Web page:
Myers referred to a conference in the 1960’s convened by MIT scientists who were among the first to notice the mathematical problem with Darwinism. The conference was titled, “Mathematical Challenges to NeoDarwinism. But it wasn’t until the early 2000’s that experimental evidence showed that the ratio of functional gene and protein sequences was reported to be 1 over 10 to the 77th power.”

And what are the odds of this happening? Eventually it has to happen, right? Gelernter rejects such a notion, saying, “The question is, does the history of life, with which Darwin was concerned, allow you enough chances to make it at all probable?… The point is from whatever angle you come at it, the answer is, no, there has not been enough time.”

But is it impossible? Berlinski says, There’s hardly a difference… Unlikely, impossible. We’re talking about odds that are so prohibitive.”

Gelernter considers the early development of organisms and says, “there are a total of no examples in the literature of mutations that affect early development and the body plan as a whole and are not fatal.” He claims this is not an attack on Darwin, but “it’s the job of science to figure out what guesses are right and what are wrong. Scientists are paid for making guesses- not for making right guesses, but for making interesting, plausible ones. And if scientists after the guess has been made, don’t do their job, don’t investigate the gaffs, don’t do their bests to figure out if it’s true or false, then we are false to science and we are betraying science.”

That’s quite a criticism- one that I’ve pointed out many times.

So, if evolution is impossible, then what is the answer? According to Meyer, an intelligent designer is the logical conclusion, but Gelernter refuses to accept that answer: “I can’t accept intelligent design as Meyer presents it.” Likewise, Berlinski refers to his view towards intelligent design as “warm, but distant. It’s the same attitude that I display to my ex-wives.”

And even though Gelernter doesn’t accept ID, he defends what Meyers wrote in his book, saying “it’s not a way to bring in a theological argument. It is a scientific approach.”

Meyer discussed the genetic code in cells, saying, “this is a genuine information storage system… what we know from experience is that information… whenever we find information, and we trace it back to its ultimate source, we always come to a mind, not a material process… And yet we do know from our uniform and repeated experience- which is the basis of all scientific reasoning- of a source of information, of a cause, of the origin of information. That cause is intelligence, or mind… what we’re seeing in life is evidence of the activity of a directing mind in the history of life.”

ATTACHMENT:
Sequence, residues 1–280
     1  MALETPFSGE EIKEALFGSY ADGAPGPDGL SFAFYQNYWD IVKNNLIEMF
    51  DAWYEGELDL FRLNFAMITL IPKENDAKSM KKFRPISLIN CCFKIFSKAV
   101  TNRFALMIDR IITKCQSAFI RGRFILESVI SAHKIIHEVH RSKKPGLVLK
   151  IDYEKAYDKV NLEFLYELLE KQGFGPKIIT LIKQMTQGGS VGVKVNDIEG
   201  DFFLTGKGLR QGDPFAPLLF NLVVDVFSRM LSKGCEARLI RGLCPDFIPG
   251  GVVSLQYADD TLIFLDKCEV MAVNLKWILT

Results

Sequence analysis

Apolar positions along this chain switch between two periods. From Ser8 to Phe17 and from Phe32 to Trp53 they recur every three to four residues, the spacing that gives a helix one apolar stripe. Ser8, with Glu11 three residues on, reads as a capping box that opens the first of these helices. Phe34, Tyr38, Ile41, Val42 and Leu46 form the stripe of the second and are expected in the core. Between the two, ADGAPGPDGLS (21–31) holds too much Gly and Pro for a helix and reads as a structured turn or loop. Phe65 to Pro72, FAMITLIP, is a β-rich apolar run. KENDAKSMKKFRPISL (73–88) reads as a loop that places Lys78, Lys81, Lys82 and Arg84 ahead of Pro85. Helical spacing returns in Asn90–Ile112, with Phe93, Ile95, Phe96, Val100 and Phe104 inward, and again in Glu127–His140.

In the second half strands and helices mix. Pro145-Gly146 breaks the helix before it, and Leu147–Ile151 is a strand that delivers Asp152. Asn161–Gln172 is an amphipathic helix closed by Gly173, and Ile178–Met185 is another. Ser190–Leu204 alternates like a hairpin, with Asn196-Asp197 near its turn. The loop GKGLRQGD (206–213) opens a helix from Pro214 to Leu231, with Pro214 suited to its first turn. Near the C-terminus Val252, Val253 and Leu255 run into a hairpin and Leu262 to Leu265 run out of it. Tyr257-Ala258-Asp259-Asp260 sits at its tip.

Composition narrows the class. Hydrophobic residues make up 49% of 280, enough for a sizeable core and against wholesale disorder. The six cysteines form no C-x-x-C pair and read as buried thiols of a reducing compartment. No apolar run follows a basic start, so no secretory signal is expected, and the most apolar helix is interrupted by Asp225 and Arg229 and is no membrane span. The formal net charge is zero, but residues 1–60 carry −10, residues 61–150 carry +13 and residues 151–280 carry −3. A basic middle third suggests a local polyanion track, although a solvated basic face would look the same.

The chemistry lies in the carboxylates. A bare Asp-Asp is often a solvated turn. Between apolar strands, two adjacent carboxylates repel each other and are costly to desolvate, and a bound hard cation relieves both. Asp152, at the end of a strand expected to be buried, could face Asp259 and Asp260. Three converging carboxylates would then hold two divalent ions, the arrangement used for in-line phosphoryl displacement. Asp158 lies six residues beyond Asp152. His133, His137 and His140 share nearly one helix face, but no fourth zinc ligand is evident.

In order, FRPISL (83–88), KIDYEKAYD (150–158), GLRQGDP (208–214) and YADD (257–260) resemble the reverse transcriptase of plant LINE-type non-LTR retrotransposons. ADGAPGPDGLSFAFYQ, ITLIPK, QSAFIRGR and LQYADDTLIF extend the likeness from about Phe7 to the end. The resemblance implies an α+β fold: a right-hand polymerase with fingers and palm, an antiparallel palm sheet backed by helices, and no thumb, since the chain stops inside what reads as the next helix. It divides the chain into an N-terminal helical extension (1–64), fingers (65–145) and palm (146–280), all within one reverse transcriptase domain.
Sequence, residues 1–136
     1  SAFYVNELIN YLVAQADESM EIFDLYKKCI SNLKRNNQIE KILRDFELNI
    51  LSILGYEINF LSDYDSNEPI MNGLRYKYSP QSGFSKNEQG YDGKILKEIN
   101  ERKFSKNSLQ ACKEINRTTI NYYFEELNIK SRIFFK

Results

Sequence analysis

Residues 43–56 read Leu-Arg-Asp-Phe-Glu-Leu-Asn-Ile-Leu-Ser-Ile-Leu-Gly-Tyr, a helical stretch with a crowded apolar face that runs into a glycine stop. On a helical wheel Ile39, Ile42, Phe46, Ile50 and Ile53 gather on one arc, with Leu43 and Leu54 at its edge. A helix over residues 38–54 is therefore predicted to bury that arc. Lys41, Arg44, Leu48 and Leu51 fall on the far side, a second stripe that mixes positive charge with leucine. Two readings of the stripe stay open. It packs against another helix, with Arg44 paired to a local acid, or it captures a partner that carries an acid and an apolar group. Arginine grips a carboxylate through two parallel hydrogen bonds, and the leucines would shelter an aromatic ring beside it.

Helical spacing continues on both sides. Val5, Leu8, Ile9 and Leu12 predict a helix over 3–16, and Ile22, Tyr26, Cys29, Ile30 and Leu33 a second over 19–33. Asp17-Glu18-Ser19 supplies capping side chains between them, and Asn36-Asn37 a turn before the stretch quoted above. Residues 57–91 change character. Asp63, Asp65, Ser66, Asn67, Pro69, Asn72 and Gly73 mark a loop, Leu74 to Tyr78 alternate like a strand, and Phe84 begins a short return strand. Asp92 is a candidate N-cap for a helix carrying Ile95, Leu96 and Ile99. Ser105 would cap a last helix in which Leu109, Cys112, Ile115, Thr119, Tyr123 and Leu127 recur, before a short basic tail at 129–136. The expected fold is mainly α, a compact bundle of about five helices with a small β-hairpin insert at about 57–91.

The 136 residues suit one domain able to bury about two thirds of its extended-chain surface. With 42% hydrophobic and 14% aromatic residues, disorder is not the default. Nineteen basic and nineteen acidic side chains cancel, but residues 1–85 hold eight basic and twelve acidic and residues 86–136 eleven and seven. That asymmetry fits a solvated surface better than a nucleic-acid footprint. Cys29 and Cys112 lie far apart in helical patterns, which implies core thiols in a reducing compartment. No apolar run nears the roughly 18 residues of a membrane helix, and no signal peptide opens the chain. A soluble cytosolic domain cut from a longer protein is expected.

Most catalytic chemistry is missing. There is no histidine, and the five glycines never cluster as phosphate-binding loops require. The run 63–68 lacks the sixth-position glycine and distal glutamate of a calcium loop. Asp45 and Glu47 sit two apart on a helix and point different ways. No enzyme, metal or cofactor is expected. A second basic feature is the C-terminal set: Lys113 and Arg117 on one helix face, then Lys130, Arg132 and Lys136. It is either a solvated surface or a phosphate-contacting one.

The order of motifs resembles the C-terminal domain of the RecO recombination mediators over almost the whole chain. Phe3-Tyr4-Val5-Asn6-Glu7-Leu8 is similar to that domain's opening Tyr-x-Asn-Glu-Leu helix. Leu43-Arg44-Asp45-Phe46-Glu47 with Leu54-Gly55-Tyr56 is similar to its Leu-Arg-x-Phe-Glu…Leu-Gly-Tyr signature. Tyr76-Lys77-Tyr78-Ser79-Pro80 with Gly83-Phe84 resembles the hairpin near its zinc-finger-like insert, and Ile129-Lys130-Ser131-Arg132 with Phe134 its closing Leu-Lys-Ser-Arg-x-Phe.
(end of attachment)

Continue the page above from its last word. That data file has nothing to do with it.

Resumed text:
Berlinski has trouble with intelligent design, but admits that information is present: “yeah, it’s information, I recognize that. Information in some loose sense.”

Now, even though Gelernter isn’t an ID advocate, he states, “I have no theological argument with Steve. My argument is with people who dismiss intelligent design… it’s widely dismissed in my world of academia as some sort of theological put-up job. It’s an absolutely serious scientific argument… It’s gotta be dealt with intellectually, not by the bigotry… because outside the scientific world, one might now know how ideologically bent the world of science are becoming. I say it with real sorrow.”

Finally, Gelernter is quoted as saying, “Darwinism is no longer just a scientific theory but the basis of a worldview, and an emergency religion for the many trouble souls who need one.” Now that he has rejected Darwinism and calls it a religion, he’s viewed as a ‘traitor’ by his colleagues at Yale. But he insists that “Darwinism has indeed passed beyond a scientific argument. As far as they are concerned, you take your life into your hands to challenge it. Intellectually. They will destroy you if you challenge it.” Gelernter admits he’s attacking their religion and understands why they’re angry: “It is a big issue for them, unquestionably.”

This is an important interview, and Gelernter’s essay is very helpful in pointing out many of the major flaws of Darwinism, and I hope others will be encouraged to reject evolutionary ideas as well. Further, I hope people will be able to clearly see that there is an intelligent designer, and I would suggest that that designer is God, who has revealed himself in Scripture.